Trump and Obama top the worst presidents list
The week before Monday’s Presidents' Day holiday, the latest Economist/YouGov Poll finds Americans mostly (but not entirely) looking back through history when they are asked for America’s best President, and it also indicates that it’s in the present that they find their worst leader.
Donald Trump and Barack Obama rank first and second when it comes to which American President the public views as its worst ever. Richard Nixon, the only President to resign the job, is a distant third, followed by two more recent occupants of the White House, Bill Clinton and George W. Bush.
Most Democrats name Trump; most Republicans choose Obama.
President Trump has struggled in the public’s estimation throughout his Presidency, as his approval rating has rarely risen above 40% since his Inauguration last year. This week was one of those times. But while 41% approve of how he is handling his job today, 51% disapprove. 71% of those who disapprove of the current President say he is the worst ever, suggesting that there is little reason to believe minds will change about his performance anytime soon.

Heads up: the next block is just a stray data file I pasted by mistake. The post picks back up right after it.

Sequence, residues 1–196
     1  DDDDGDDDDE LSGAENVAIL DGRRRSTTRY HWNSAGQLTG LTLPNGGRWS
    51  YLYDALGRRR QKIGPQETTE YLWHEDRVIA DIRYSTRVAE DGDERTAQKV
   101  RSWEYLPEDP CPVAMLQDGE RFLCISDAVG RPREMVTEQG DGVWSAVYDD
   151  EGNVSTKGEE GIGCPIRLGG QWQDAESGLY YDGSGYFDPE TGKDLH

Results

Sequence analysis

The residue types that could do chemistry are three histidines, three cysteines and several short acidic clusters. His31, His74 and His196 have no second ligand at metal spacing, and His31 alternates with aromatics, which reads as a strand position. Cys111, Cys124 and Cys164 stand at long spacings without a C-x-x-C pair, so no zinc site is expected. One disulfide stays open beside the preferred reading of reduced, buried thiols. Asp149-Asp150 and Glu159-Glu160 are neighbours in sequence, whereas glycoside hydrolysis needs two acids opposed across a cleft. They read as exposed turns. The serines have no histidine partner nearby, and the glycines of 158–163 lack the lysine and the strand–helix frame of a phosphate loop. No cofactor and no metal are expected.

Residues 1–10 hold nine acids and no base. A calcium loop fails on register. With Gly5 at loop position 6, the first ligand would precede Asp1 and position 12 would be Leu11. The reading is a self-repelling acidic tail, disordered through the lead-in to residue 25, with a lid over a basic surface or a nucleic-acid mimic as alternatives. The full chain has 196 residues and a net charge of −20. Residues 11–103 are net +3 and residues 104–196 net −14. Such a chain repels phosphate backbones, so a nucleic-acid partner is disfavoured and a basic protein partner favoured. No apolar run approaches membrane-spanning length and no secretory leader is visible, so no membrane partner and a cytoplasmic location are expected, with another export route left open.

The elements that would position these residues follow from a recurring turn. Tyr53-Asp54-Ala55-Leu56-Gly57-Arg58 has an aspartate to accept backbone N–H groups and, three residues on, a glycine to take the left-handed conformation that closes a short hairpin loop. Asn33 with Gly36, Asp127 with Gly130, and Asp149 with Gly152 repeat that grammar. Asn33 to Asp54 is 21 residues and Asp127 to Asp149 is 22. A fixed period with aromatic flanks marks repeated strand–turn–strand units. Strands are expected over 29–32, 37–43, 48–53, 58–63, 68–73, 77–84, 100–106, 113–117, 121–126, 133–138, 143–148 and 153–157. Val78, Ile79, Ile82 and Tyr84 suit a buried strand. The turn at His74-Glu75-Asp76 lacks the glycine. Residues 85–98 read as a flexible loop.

There is a somewhat more historic view when Americans make their choice for the country’s best President - one twenty-first-century President shares the top of the list with one from the twentieth and one from the nineteenth century. Barack Obama, Ronald Reagan and Abraham Lincoln top the list, followed by Franklin Roosevelt, George Washington and John Kennedy. 5% each name Bill Clinton and Donald Trump.
Americans cite presidents with whom they may have a special attachment. Just about half of African-Americans name Barack Obama, the nation’s only African-American president. And there is also an attachment to presidents of one’s youth. Obama score well with those under 30, while older Americans like Reagan more. One in ten Republicans name Trump, but nearly four times as many – 36% -- pick Reagan. Democrats choose Obama and Roosevelt. Lincoln’s popularity transcends age and party.
As for Presidents' Day, most Americans say it is meant to celebrate all Presidents. But not everyone can celebrate. A third of the public (more than half of those who have a job) will be working that day.
Read the latest topline and tables results here